Mark Widawer’s Techie Biography

People often ask me how long I’ve been working with computers. The answer surprises them a bit.

I was 13 years old at Portola Junior High School, and was enrolled in the “AE” level math class. We had a Monroe Programmable Calculator in the room, and we learned how to program it to do math problems using punch cards. The one thing I remember about programming that machine was that “401” was the code for “HALT”, which is what you put at the end of each program.

That was 1976 — a loooong time ago. But I’ve stuck with computers since then.

I wrote my first real computer program, with the help of my older cousin Lawrence. We wrote a program to play the game Mastermind, which was popular at the time. We did that in the BASIC programming language on a teletype machine using paper tape for storage.

I caught the bug, though, and saved my own money to buy myself a Radio Shack TRS-80 Model III computer with 16 kilobytes (NOT megs or gigs) or RAM, and two floppy drives. I upgraded it myself to a 10mb hard drive system, and a whopping 64kb of RAM. (I was a real tinkerer back then.)

I’ll fast forward a bit, through my time at UCLA and then graduating at CSUN with a degree in Computer Science.

After working as a programmer for an Aerospace and Defense Software company (where I created the company’s first office computing department), I started a business and computer consulting business with my college friend Mitch Silberman. From there, I co-founded the Los Angeles Times Financial Fax with my friend Joel Block, and I ran the department for the Times until Joel and I sold it to the Times in 1997. I stayed on another two and a half years, and left in 1999 to become CTO of  Total Funding , a company specializing in online equipment leasing.

The big BIG IDEA about  Total Funding was that their company would be the first to allow a small business owner to apply for and be automatically approved for equipment leases — all online and in minutes. The owners (who shall remain nameless, at least here) had hired Deloitte & Touche and spent a quarter million dollars on developing their website to automate this whole process.

That’s when they hired me.

At our first meeting with Deloitte, they showed us the site they had developed. It allowed the customer to enter in his credit app. It had screens that showed the approved lease plans. But in between — the magical part that was supposed to run the credit apps and compare the results against available lease plans — had not yet been developed. D&T didn’t know how to do it.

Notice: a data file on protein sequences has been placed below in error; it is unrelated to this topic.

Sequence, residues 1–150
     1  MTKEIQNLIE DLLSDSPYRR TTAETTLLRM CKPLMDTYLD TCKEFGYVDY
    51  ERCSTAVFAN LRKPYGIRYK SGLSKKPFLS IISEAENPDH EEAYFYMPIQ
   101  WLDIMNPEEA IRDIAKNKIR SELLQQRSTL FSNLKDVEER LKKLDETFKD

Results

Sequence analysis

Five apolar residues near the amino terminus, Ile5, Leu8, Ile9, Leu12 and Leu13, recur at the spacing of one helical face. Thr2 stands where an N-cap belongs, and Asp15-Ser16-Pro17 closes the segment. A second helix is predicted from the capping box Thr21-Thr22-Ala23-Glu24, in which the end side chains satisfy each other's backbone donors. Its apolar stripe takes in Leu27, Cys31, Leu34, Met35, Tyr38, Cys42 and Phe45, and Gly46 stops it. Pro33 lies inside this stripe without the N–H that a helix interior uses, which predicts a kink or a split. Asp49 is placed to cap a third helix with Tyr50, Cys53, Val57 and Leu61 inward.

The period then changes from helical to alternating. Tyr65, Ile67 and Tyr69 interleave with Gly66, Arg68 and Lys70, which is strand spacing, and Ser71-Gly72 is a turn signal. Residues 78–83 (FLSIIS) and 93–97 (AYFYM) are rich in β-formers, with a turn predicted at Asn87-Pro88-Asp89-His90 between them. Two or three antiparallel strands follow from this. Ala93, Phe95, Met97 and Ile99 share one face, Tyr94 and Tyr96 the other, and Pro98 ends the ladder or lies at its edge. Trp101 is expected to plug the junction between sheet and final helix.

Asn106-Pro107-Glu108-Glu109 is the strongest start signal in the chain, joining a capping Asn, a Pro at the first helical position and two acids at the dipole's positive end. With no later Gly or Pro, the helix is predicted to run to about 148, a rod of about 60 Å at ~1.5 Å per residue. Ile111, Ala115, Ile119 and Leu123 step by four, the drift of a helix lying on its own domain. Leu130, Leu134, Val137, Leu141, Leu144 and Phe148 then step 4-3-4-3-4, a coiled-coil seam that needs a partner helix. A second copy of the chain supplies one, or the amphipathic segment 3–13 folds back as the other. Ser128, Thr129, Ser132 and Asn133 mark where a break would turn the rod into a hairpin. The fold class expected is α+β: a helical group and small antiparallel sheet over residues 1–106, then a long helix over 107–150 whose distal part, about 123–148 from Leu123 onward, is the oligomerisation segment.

I designed and finished the program, providing the critical parts of the website and the business as a whole, for about $5,000.

The desire for some people to overspend, simply for the ability to tell a story about the value of what they are buying never ceases to amaze me. The owners of this company truly had no idea what they were doing.

So when their company ran out of money (due to mismanagement and other issues), I went to work for Datalicious Corporation, a company that merged online and offline marketing. I was the Vice President of  Technology. The largest project we had there was one for a yellow pages advertising company. I wrote the software that allowed their clients to run and manage their yellow pages advertising for their customers.

When Datalicious died in the Dot Bomb of 2001, I started West Hills Web, a web hosting and web development company.

In 2003 I started working with Google Adwords and developed the Keyword TurboCharger to help make keywords for Google Adwords.

Shortly after that, I developed the Landing Page Cash Machine ebook.

You can read more about me and my infoproduct and training business on the Internet Marketing page.

And now, at least, you have a better understanding of me and my technical life. It’s been long already, and just getting longer.

Now, I find most joy still in doing two things…

1) Teaching people how to use technology to build their online business.

2) Building websites for local companies for those who just don’t have the time or knowledge to do it themselves.

Of course, there’s more, but you’ve spend enough time on me. I’d really much rather know a bit about you.

If you think I can help you in any way, contact me. Let’s see how we can work together.

To Your Success,


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